inside are women weeping, leaping salmon, and yes,
galaxies that fold forever
into themselves.

Living is a dying
we skate on less than half an inch of ice across
the superconductive, unseen bridge
that keeps us from the sea of death
until it doesn’t.

Only death is certain in this life.
everything may be or may not be
when word of death is stuttered down the telephone
or spattered on the pavement then
we understand that only death is certain.  Isn’t it?

Living is the art of dying
now and now
the heart is always in the present, luscious as a park in summer
while ideas browse like undernourished cattle
out beyond the boundaries.

Living is another word for opening the heart’s doors and windows
death could come soon; a passenger jet through your office window
or it could come late; everything in order, pain in the old bones,
turning to the heavens in your son’s arms,
I don’t want this any more.

Either way, death is the guest who won’t be turned away
Who might as well be welcomed
Then everything weighs less than half an ounce and
Everything is welcome. 
Isn’t it?




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High Achiever

What was it I had wanted to achieve
when the tide turns – folding back into itself
and the lone and cockled beach reaches
                                                  from sky to sky?
Was it three lines on the back page of the local paper?

What was it I had wanted to achieve
when the rattling train hurries to its next appointment
and the track stretches forever behind the
                                                  banks of brambles?
Was it to lose myself in the pink maze of a rose?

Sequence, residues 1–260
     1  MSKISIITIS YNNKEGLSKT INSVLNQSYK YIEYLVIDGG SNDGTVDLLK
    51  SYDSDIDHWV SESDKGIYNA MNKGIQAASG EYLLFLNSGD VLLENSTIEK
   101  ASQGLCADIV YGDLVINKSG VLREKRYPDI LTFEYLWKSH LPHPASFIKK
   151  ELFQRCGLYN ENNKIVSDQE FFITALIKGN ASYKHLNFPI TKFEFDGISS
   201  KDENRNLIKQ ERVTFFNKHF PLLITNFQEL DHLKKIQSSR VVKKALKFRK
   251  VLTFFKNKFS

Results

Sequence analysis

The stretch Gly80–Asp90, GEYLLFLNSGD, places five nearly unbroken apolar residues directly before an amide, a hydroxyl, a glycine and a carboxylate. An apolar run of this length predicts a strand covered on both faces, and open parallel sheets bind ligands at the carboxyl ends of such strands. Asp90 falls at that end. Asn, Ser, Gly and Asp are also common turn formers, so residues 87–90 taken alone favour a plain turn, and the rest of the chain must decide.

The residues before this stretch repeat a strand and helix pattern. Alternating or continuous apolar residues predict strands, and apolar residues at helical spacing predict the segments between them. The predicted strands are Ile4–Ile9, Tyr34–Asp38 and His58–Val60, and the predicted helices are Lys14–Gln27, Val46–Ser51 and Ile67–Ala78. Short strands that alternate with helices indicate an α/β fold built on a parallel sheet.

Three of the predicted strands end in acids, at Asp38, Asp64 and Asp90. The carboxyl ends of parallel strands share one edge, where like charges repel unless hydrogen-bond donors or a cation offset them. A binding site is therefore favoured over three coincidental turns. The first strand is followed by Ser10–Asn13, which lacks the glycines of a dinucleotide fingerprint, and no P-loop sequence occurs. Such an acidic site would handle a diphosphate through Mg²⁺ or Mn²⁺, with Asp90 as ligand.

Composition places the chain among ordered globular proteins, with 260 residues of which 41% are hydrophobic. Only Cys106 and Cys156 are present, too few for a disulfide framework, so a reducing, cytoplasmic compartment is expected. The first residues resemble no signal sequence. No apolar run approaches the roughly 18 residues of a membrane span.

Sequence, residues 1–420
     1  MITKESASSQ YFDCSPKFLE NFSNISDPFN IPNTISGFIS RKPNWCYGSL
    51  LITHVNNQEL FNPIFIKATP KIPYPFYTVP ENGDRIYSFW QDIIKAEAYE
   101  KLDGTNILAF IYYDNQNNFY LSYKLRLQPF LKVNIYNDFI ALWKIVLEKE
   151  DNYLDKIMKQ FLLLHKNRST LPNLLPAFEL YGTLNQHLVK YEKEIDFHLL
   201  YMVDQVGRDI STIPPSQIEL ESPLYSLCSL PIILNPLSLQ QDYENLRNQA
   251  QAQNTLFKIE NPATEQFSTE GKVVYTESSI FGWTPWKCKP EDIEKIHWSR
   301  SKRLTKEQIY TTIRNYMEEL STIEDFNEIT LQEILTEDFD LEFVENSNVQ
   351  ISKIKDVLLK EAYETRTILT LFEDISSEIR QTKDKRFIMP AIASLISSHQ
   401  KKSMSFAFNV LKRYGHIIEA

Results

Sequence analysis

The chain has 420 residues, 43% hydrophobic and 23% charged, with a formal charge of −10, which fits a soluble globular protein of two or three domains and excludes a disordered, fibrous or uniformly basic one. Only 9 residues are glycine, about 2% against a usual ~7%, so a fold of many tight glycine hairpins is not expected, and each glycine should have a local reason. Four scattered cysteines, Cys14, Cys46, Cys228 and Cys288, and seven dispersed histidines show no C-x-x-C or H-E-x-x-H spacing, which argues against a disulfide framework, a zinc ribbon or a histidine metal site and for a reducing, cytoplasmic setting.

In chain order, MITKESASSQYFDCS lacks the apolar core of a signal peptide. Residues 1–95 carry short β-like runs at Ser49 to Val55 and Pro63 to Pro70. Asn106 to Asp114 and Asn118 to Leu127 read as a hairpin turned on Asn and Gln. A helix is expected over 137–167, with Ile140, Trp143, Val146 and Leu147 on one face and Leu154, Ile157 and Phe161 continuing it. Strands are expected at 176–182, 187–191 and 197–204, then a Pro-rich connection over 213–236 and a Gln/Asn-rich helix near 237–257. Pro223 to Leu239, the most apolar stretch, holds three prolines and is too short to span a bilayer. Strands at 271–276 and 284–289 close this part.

What was it I had wanted to achieve
when the overhead grumbling of a 747 tapers away
and the whisper of silence overwhelms the night
                                                  on and on?
Was it a party in my honour with speeches and a toast?

What was it I had wanted to achieve
when thoughts recede from the brain
and the body does not know or recognise
                                                  who I am?
Wasn’t it already achieved, this timeless space and silence?


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That Stuff

What crossed my mind
As I looked back across the dance floor was
Spindrift.  Foam scudding on the surface of the ocean.

I was on my way outside to smoke a cigarette with my daughter in law.
I said, “There’s my first ex-wife and her first husband chatting with her fourth husband and across from them is my second ex-wife with her third husband and my present partner.
To think of all the shit we went through!  Pain and blame and strife and jealousy and infidelity and law suites.  Now look!  Twenty years down the line.”

In my mind the dance floor was suspended in the ocean of infinity;
the ocean that sustains us.
The ocean is
Suchness.
Tathagata.
Love.
The ocean is what is and we are wavelets.
All our mighty dramas
Foam,
Spindrift, scudding on the swell.

“Yeah,” said my daughter in law, “We have to go through that stuff.”